Newcastle-Cougar Trails & Projects
The Newcastle-Cougar Trail Map shows major trails in and around Newcastle and Cougar Mountain,
and identifies current and potential projects along those trails. It also highlights the growing
possibilities for regional trail walks using mass transit. From the transit center in Renton (TCR)
planned for 2024, walkers can follow the May Creek Greenway (when complete) into Cougar Mountain Park
and return via the Coal Creek Trail, doing a grand loop, or do a grand traverse to the transit center
in Issaquah (TCI). For more about Newcastle projects see Ongoing Projects.
1. Regional Trails. The Eastrail (red) is a regional multi-use trail in the Eastside
Rail Corridor. In 2022 a 2.5-mile stretch (paved, 20 feet wide) opened from Bellevue to Renton.
Access (A on the map) for cyclists and pedestrians is provided at 118th Avenue SE and Coal Creek
Parkway. From there the trail continues south past Bellevue's Newcastle Beach Park (just south of A)
to Renton's Kennydale Beach Park and Gene Coulon Memorial Beach Park.
The Mountains-to-Sound Greenway is a 100-mile long corridor along I-90, from the Seattle Waterfront
to Ellensburg, with a network of hiking and biking trails, including the trail route shown in dark
green on the map. This route includes Bellevue's Coal Creek Trail (yellow), running from the I-405
interchange (A) to Cougar Mountain Park at the Red Town Trailhead (C). The trail route from
A to C
and beyond is a series of wooded hiking trails, soft-surfaced, some with steps and footbridges.
Newcastle Beach Park makes an excellent trailhead for the Eastrail and the Coal Creek Trail,
with ample parking near the trail, restrooms, a picnic shelter, and a playground. To reach the
Coal Creek Trail, walk the short distance to the Eastrail, follow it north to the next access,
and follow the sidewalk under I-405 to the current trailhead on 119th Ave SE. To help, Bellevue
could extend the trail to the park and mark it with trail signs.
2. Cougar Mountain Regional Wildland Park. Local citizens have launched three campaigns
to preserve open space areas adjacent to Cougar Mountain Park, all supported by Newcastle Trails (NT)
Issaquah Alps Trails Club (IATC).
Save Cougar Mountain has succeeded: the Bergsma
property (near TCI) has been saved from development and used to expand the park.
Save Coal Creek
asks Bellevue to save the historic Milt Swanson property (C) to preserve a green wildlife corridor
around the Coal Creek Trail at the Red Town Trailhead.
Save DeLeo Wall led a successful effort to
delay the planned logging of a forest parcel (D) in Newcastle, with Newcastle, Renton, and
King County joining forces; but the County's efforts to buy the parcel are stalled (unwilling seller).
IATC is NT's sister organization, older, bigger, and hugely effective: check their website, join,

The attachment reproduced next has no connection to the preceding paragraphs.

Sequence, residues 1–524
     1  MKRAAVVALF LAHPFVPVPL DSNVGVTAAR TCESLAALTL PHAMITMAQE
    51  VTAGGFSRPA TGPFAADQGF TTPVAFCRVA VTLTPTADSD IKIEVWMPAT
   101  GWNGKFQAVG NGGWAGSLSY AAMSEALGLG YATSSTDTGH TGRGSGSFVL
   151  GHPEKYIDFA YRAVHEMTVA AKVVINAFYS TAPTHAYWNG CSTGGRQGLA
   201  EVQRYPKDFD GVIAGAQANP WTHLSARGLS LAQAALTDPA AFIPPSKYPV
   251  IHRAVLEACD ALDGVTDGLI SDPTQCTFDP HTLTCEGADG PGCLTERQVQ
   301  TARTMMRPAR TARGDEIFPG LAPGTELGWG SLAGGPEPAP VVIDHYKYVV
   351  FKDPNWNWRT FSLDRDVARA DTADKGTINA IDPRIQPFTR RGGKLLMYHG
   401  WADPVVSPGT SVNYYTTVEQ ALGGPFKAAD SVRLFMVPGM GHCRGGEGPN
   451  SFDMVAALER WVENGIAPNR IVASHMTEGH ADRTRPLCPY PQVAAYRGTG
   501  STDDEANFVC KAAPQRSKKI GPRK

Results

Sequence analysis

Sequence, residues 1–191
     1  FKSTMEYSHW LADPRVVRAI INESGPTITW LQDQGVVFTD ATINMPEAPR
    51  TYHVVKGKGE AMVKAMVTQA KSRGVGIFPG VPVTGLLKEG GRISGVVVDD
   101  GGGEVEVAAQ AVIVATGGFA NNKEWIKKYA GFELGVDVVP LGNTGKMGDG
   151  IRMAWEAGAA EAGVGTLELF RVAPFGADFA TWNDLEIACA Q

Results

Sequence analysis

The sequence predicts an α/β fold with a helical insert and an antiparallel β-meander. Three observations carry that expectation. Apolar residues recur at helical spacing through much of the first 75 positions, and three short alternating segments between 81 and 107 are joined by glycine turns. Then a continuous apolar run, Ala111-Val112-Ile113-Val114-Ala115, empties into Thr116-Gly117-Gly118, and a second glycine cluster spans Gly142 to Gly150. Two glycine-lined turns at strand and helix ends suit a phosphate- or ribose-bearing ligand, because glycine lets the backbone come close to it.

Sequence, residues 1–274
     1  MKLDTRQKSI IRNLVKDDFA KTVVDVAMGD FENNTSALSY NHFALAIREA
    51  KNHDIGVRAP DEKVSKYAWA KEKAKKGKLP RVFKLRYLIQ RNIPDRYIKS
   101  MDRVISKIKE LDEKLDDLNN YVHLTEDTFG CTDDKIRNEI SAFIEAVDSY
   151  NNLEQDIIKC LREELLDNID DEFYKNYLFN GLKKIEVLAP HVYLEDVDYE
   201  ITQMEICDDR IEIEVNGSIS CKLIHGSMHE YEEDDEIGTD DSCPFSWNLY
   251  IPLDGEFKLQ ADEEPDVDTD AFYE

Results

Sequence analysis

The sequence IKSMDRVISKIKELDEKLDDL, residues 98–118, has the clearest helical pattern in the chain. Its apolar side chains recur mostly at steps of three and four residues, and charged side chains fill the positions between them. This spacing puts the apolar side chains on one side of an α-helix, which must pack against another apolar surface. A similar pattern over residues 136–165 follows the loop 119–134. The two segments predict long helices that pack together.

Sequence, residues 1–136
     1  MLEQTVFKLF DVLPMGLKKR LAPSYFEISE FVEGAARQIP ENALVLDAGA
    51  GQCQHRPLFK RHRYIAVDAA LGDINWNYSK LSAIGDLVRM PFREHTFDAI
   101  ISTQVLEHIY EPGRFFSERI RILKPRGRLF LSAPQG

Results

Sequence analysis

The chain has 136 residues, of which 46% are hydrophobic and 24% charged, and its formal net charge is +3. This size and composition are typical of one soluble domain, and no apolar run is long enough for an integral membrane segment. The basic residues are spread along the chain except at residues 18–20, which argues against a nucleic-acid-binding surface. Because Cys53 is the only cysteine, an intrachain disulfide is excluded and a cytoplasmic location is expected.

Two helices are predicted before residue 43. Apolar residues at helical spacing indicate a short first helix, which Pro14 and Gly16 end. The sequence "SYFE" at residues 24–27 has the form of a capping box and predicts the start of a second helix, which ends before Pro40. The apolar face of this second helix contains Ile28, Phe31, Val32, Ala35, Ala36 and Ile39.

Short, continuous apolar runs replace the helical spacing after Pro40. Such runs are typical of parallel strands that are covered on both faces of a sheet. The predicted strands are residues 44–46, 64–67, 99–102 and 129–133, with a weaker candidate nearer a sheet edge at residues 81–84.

and support their campaigns.
3. Newcastle Trails. The Newcastle-Cougar map shows only a few of Newcastle's trails.
Newcastle's main west-to-east trails are the
CrossTown Trail (yellow) running SE from Newport
Hills past Lake Boren into Cougar Mountain Park and the
May Creek Trail (yellow) running east
from Lake Washington in Renton to Coal Creek Parkway. The May Creek Greenway includes the May
Creek Trail and parts of other nature trails. The 80th Street & Sylvan Trail
route (black) can be walked on public land almost to the Crosstown Trail.
Three north-to-south routes end at the May Creek Trail. Along with the Windtree Steps
(near F), these routes provide the main entrances to May Creek Park. The
Waterline Trail (blue) and the sidewalks of
Coal Creek Parkway (orange) both run south from the
Coal Creek Trail near the Red Cedar Trailhead. The
Horse Trail (brown) runs south to
the park entrance (E), where the last trail section is being constructed as part of a new
development, the May Creek Park Assemblage.
4. Central Newcastle and Lake Boren Park. Coal Creek Parkway provides a sidewalk
route past Newcastle Commons (NC) to Newcastle's Downtown (ND), two population centers
with apartments, restaurants, and other businesses. It continues past Lake Boren and
Lake Boren Park, which wraps around the south end of the lake. Here the Lake Boren
Boardwalk (B) is planned. When completed in late 2022, it will carry the CrossTown
Trail around the south end of the lake, connecting the main park to its undeveloped
eastern half. Here we can build a trail along the east lakeshore, running north from the boardwalk
and ascending to the Esplanade. This will complete the long-planned
Lake Boren Trail around the lake.
5. May Creek Greenway and Footbridge. The Greenway is complete except for Renton's May
Creek Trail. By 2024, when the I-405 interchange and transit center (TCR) are finished,
Renton plans to extend the trail under the freeway to Jones Avenue NE. The trail will be
incomplete (dashed line) from there to the proposed May Creek Footbridge (F) until needed
property is acquired – and the bridge won't be built without a trail on the Renton side.
But there are other possibilities for Renton by 2024: use parts of Jones Avenue and NE 31st
Street (as temporary links) to complete the May Creek Trail; extend the existing Honey Creek
Trail or the proposed Pacific Railroad Trail to the bridge site. Newcastle Trails proposes
that Newcastle, Renton and King County reactivate their earlier partnership for this trail-bridge
project. It would open a greatly expanded park and trail system to a large and growing population.